Asked this on stack exchange and got no response, so I'll try here.
An idea popped into my head awhile ago while doing a project on non-linear effects of systems of coupled oscillators, but I'm not an expert on this subject so I don't know if it's any good. From cursory searching I couldn't seem to find anything, which most likely means it doesn't work, or I don't know the correct jargon.
From my understanding, the foundation of the theory of linear systems can be attributed to the fact you can construct a basis in the space of solutions and you can use that basis to find other solutions subject to boundary conditions. This all rests on the fact that for some linear operator $L$ and two functions $f$ and $g$ that satisfy:
Then we have:
The problem with non-linear systems is that you can't construct a basis this way. Suppose we have a linear operator $L$, but also a non-linear operator $N$, and two functions $f$ and $g$ that satisfy:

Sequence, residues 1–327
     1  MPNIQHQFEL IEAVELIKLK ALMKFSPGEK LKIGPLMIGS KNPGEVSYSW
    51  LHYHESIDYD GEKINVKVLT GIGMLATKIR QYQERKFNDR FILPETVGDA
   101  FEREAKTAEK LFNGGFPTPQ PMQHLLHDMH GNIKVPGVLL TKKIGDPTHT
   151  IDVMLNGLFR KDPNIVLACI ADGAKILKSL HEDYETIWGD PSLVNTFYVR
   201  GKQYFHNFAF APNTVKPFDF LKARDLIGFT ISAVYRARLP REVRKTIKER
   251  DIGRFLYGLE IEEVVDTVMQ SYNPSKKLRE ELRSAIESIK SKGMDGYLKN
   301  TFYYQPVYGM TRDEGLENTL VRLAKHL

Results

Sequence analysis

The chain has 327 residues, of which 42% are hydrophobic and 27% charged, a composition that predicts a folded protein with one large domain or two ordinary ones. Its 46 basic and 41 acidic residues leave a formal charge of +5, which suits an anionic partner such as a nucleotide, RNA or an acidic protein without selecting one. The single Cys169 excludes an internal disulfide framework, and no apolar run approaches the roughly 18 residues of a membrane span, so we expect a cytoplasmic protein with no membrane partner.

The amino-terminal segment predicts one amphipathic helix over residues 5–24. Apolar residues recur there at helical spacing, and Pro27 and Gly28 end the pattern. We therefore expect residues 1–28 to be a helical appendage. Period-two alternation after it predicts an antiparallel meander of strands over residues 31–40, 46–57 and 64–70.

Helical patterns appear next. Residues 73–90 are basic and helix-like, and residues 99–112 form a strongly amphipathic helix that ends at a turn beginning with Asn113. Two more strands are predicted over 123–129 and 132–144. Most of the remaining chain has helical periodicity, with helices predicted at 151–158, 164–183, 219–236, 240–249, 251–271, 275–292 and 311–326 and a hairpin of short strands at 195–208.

Then: $$L(f+g)\ne N(f+g)$$
We can't construct a basis by addition. But perhaps there is still a way in general to construct a basis? Can we find some operator $\phi(f, g)$ that satisfies:
$$L(\phi(f, g))=N(\phi(f, g))$$
Where $\phi$ could be how to "combine" solutions into other solutions. For linear systems we'd simply have $\phi(f,g)=f+g$, but I thought that in general for this idea to be consistent you'd want to make sure $\phi$ obeys the following conditions:
$$\phi(f, g)=\phi(g, f)$$ $$\phi(f, 0)=f$$ $$\phi(f, \phi(g, h))=\phi(\phi(f, g), h)$$
The most general way I see to do this is to define $\phi$ as:
Where $F$ is some transformation. However, this implies:
So that the system becomes linear under a suitable transformation $F$. I didn't attempt to figure out if a transformation $F$ of this type always exists, and it seems like in most practical cases trying to find $F$ requires you to solves another non-linear equation, so I don't know if it can be called progress.
Is there literature I can read that explores the gist of this idea, or is it simply considered trivial in the cases where a system can be made linear? Can it be shown that in some systems there is no such $F$?